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Flex on Rails: Building Rich Internet Applications with Adobe Flex 3 and Rails 2

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The Bottom Line

While not a comprehensive reference or guide to either Flex or Rails, Flex on Rails is a vital resource for making the two work together. It's a great book for Rails programmers wanting to create Flex applications that interact with their web applications. Though experienced Flex programmers will probably find nothing new in this book.

Pros

  • A wide range of topics are covered.
  • Rails programmers new to Flex can follow along without knowing Flex.
  • Plenty of example code.

Cons

  • Topics are not covered in-depth.
  • Flex programmers won't learn anything new, and can learn the Rails portions on their own.

Description

  • Ch. 1-3 Creates a fully functional Flex and Rails development environment and basic skills to use them together.
  • Ch. 4 -6 Gets you started with MVC frameworks and TDD on the client. Covers Cairngorm and PureMVC.
  • Ch.7 What to do when it all goes wrong. Covers logging on client side and server side, as well as Flex debuggers.
  • Ch. 8 How to make charts, graphs and tables of data from your Rails applications.
  • Ch. 9 Finishes the core of the book with methods on profiling and optimizing Flex code for better client-side performance.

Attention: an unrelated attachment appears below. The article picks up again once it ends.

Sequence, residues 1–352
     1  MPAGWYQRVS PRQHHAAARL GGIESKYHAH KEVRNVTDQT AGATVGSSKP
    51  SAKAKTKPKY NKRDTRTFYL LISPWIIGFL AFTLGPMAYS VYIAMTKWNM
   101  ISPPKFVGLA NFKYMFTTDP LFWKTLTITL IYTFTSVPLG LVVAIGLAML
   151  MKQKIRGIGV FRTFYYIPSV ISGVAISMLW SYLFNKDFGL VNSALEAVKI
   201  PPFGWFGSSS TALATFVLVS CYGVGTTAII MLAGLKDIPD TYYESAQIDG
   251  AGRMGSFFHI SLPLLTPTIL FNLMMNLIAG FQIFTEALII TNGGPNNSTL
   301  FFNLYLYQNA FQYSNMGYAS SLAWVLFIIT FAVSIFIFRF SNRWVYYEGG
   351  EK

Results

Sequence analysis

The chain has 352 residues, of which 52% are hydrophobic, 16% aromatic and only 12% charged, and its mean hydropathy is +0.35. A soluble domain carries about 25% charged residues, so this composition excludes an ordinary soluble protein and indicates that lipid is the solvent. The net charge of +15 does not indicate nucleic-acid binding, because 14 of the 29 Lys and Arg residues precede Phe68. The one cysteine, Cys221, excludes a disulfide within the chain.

Guide Review - Flex on Rails: Building Rich Internet Applications with Adobe Flex 3 and Rails 2

Flex on Rails - Building Rich Internet Applications with Adobe Flex 3 and Rails 2 by Tony Hillerson and Daniel Wanja is not a book for Rails-only programmers. Those wanting to continue using HTML and Javascript interfaces to their Rails applications won't find this book very interesting. This isn't a book for Flex programmers either. Flex programmers won't find very much new information in this book. The sections pertaining to the server-side aspects of Rails is a small portion of this book, and can be read mostly from the documentation. So what is this book?

This book is for Rails programmers who want to add Flex to their toolbox. Flex is Adobe's client-side application framework for interacting with web services. This is, of course, a natural fit with Rails. In fact, many Rails applications can work with Flex with just a minimum of modification. This book is for bootstrapping Rails programmers into the Flex world. All the basics of installing Flex, getting your Rails application producing XML data and consuming this XML data with Flex are covered.

It also takes you on a whirlwind tour of many aspects of Flex development. However, these topics are merely touched on, none of these topics are covered in any great depth. The last third of the book is devoted to chapters like these. At a little over 300 pages, Flex on Rails can't pretend to be a comprehensive reference.

Though, for a "bootstrap" book, Flex on Rails serves its purpose. It teaches Rails programmers how to get going with Flex, shows them the basics, how to do a variety of things, and generally orients them in the Flex world. Programmers who want to take Flex to the next level will have to see more comprehensive materials on Flex.

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